If we imagine a Venn diagram of two overlapping circles, A and B, and call the overlapping area C, what can we say about the individual areas? Quite clearly, we can say that C forms part of both A and B. But what about the relationship between A and B? Does the partial overlap mean that one forms part of the other? On a natural reading of the words “forms part”, I would have thought not, and HMRC’s argument to the contrary was rebuffed by the First-tier Tribunal in Wilkinson.
A number of individuals proposed to sell their logistics business for a mix of cash and loan notes totalling around £130 million. Two of these individuals were Mr and Mrs Wilkinson who owned 58% of the target company and undertook some capital gains tax planning. At the time of the transaction, entrepreneurs’ relief (now called business asset disposal relief) worked to reduce the capital gains tax rate from 20% to 10% in respect of certain gains (if the relevant conditions were fulfilled) up to a lifetime limit of £10 million (now, the limit is £1 million). Essentially, the CGT planning was to make use of the £30 million aggregate entrepreneurs’ relief lifetime limit of Mr and Mrs Wilkinson’s three daughters. Mr and Mrs Wilkinson gave some of their shares to their daughters (on a no gain/no loss basis) and, on completion, the purchasing entity issued £10 million worth of loan notes to each daughter to be redeemed after the minimum holding period to qualify for entrepreneurs’ relief had expired. The purchaser also issued certain shares to the daughters and they were given directorships to ensure that the conditions for the relief could be met.
In order for Mr and Mrs Wilkinson’s CGT planning to work, it was crucial that the exchange of target shares for loan notes qualified for roll-over treatment under the reorganisation rules (more specifically, under section 135 of the Taxation of Chargeable Gains Act 1992). HMRC argued that the purpose test in section 137 prevented the application of section 135 on the basis that the exchange formed “part of a scheme or arrangements of which the main purpose, or one of the main purposes, is avoidance of liability to capital gains tax or corporation tax”. On HMRC’s view of the world, the “scheme or arrangement” was Mr and Mrs Wilkinson’s CGT planning. The “exchange” was the exchange of all shareholders’ target shares for loan notes in the purchasing entity – including the 42% held by three individuals not concerned in the CGT planning.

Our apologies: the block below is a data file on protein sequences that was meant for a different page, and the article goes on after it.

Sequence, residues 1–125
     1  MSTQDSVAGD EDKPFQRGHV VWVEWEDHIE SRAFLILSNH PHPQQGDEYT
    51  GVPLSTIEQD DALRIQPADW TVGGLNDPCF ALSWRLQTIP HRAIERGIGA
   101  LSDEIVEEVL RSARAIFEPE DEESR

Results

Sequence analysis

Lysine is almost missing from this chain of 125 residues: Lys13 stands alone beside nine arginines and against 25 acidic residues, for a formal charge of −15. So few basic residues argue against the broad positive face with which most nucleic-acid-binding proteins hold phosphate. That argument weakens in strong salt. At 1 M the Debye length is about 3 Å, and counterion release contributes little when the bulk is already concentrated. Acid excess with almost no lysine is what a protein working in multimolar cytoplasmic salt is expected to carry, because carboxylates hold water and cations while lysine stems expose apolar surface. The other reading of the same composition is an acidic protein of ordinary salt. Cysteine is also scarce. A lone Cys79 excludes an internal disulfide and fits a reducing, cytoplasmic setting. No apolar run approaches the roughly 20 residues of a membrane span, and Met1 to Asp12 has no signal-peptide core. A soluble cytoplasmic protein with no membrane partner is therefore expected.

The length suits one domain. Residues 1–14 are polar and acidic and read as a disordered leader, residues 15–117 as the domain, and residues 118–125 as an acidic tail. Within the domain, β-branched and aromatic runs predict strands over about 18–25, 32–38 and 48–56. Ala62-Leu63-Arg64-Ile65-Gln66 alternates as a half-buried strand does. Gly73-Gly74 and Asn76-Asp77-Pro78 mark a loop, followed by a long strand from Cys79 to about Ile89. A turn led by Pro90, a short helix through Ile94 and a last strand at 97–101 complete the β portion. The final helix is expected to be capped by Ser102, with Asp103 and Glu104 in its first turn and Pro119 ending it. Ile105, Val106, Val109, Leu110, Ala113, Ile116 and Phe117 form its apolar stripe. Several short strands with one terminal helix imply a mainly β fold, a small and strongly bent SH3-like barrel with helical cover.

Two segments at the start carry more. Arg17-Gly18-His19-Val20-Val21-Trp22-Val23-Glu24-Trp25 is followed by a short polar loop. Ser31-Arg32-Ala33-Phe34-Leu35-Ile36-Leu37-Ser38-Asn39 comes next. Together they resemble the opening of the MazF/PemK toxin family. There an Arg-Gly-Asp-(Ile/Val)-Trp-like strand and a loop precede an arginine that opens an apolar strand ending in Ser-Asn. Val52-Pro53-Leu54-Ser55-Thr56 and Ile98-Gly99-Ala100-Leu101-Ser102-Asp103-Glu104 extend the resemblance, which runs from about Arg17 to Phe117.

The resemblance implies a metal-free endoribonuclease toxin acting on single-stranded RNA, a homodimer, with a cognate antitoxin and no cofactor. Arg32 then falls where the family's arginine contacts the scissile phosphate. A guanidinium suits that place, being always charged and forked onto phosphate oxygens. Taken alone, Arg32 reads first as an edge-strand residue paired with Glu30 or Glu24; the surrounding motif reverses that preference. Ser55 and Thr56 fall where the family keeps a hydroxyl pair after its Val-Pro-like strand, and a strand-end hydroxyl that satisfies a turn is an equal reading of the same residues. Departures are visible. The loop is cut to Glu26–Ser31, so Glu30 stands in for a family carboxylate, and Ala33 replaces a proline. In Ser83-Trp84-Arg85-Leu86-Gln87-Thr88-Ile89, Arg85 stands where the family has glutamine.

So, as with the Venn diagram posited earlier, we have a partial overlap between the scheme/arrangement and the exchange, and the question whether this means that the exchange can be said to “form part” of the scheme/arrangement (as required for section 137 to apply). Quite rightly, in my view, the FTT considered that the exchange did not form part of the CGT planning. Admittedly, the Venn diagram reason (that a partial overlap between two things does not make one of them part of the other) was only a subsidiary reason for the FTT. The primary reason was that the exchange evidently formed part of a different, larger scheme/arrangement – namely, the acquisition of the target by a third party – to which CGT planning was inextricably linked (meaning that it did not exist as a separate scheme in its own right of which the exchange could form part).
But the FTT’s decision does still support the Venn diagram reason; it is also helpful for pouring cold water on the idea that the earlier case of Snell should be regarded as authority that, if part of an exchange forms part of a scheme or arrangement, then the whole exchange should be regarded as forming part of that scheme or arrangement.
Looking at the relevant scheme/arrangement (i.e. the third-party acquisition) here, the FTT decided that avoiding CGT was a purpose (because the deal structure was altered to accommodate Mr and Mrs Wilkinson’s CGT planning), but not a main purpose. The relative size of the tax saving as compared to the total deal value (and to the amount Mr and Mrs Wilkinson stood to receive) and clear evidence that the deal would have gone ahead even if the purchaser had not accommodated the CGT planning played an important part in that conclusion - which seems the right one on the facts.
underlines that the delineation of the scheme or arrangement is often crucial to the application of the purpose test. If the scheme/arrangement had been the CGT planning, I think the taxpayers would almost inevitably have lost. But as the scheme/arrangement was the third-party acquisition, it is hard to see why a comparatively low-value, "nice-to-have" but inessential tax planning associated with (part of) it should change the treatment of the whole deal.